By Lisa Deemy
“The GPS says we keep going, ” yells Boy Scout Bryan Makos, his voice crackling over walkie-talkies in two vehicles behind.
In less than two hours last weekend, members of Boy Scout troops and staffers from Ghost Wings Magazine, using today’s satellite technology, found what 200-plus military men and civilian searchers could not locate using the best available technology in 1946.
The small group, searching May 13, quickly pinpointed remnants of a P-47 aircraft that crashed on a remote mountaintop in southern Tioga County, 20 miles northwest of Slate Run, in April 1946.
Some 54 years later, the crash is still shrouded in mystery, innuendo and rumor, having become local legend.
In response to Makos’ disembodied direction, the lead vehicle in the tiny convoy suddenly pulls to the side of the narrow road.
Makos leaps from the vehicle.
“GPS says it’s about a mile that way,” he says exuberantly, pointing across the road and up a steep ravine. “We hike the rest.”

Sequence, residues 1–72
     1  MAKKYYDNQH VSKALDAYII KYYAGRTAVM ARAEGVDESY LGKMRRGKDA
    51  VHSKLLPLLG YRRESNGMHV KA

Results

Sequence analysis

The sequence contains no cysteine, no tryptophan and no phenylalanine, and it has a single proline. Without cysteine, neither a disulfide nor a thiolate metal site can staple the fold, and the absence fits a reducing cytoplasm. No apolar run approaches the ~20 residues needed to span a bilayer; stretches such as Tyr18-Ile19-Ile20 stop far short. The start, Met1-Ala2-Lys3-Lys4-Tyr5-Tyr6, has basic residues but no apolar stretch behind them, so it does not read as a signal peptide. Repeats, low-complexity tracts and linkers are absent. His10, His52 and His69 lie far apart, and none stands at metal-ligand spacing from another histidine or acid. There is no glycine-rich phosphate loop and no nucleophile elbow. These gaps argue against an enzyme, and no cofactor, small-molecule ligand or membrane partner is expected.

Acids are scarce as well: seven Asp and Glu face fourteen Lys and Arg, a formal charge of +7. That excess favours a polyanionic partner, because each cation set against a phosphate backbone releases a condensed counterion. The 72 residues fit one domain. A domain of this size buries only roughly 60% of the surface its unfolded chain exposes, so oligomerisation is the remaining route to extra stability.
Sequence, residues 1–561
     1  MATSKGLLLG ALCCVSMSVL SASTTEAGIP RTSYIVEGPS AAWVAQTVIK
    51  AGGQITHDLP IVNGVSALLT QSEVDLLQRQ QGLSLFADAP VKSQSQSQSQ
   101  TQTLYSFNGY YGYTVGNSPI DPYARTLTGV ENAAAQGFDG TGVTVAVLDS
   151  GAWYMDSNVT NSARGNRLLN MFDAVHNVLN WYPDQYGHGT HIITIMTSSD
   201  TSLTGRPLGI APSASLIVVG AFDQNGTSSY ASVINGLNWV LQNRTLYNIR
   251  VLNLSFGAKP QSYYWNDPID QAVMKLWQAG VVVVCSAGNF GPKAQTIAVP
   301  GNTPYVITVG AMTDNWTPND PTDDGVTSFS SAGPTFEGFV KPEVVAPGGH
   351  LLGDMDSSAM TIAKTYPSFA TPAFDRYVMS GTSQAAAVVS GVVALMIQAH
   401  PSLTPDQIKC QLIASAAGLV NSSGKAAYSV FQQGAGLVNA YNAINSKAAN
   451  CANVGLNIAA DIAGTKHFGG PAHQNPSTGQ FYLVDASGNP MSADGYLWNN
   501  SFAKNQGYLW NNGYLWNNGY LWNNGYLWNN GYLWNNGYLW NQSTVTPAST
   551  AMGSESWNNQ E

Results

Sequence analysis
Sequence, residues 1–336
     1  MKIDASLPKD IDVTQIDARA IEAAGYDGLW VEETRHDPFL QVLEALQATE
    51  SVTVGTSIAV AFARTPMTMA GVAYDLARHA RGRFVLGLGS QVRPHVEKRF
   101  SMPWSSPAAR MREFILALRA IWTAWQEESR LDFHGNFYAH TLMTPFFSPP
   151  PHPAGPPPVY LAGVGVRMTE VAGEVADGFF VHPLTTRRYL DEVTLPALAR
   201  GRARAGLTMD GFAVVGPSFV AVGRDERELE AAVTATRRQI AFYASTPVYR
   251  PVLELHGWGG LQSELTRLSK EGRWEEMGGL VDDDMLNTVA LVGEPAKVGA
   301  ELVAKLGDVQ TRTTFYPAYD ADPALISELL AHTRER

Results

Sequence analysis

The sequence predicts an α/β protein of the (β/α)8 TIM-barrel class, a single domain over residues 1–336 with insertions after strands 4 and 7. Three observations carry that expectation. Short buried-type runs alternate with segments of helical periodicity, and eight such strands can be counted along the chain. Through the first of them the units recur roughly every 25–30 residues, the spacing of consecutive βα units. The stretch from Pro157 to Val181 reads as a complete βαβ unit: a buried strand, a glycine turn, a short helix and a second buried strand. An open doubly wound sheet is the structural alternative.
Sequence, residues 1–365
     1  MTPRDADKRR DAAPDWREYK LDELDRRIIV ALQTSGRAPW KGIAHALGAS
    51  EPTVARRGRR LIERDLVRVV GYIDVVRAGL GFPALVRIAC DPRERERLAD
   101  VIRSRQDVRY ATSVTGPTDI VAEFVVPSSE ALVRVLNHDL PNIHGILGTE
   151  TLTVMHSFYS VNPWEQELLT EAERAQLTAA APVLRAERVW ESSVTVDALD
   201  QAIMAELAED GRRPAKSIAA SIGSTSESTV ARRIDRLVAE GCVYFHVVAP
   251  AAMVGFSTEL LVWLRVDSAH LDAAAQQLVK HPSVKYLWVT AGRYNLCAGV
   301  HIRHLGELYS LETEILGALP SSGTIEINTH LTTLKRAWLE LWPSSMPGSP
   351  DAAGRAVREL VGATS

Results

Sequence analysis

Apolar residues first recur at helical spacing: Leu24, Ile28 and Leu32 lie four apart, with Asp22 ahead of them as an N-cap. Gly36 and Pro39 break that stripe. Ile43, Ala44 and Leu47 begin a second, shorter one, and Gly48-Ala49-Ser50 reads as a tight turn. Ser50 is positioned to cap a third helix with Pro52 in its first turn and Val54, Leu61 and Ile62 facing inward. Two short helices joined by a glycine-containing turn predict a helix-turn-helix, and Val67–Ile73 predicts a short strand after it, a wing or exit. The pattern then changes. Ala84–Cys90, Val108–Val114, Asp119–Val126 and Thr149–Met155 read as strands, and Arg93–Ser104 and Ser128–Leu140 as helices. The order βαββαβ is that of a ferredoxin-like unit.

“We have coordinates of the crash,” adds Vince Quick, scoutmaster for Troop 93 of Church of the Savior Lutheran in Williamsport. “We have compasses as backups and maps. Let’s find it.”
“And remember, we’re not taking anything from the crash site. We’re going in to find and protect it, not take things from it,” Adam Makos, Bryan’s older brother, reminds the searchers.
After a briefing on safety-and-search techniques, scouts and Ghosts Wings staff swarm up the rugged terrain, adults working hard to keep up or trailing behind in the humid heat. Reaching a logging road at the summit, Bryan and Adam Makos and Quick recheck “GPS,” or Global Positioning System, to see which direction to search.
GPS is a hand-held computer that, ideally, simultaneously accesses three satellites to triangulate on the entered coordinates and indicate a location. Using coordinates of the crash site, the GPS gives the scouts direction and distance within 100 feet of the destination – in this case, a 54-year-old P-47 crash site hidden in thickly forested, rugged terrain.
The group gathers around the GPS operator to study the map.
“It looks like we can follow this road for awhile. It should be right over in that area,” Quick says, pointing.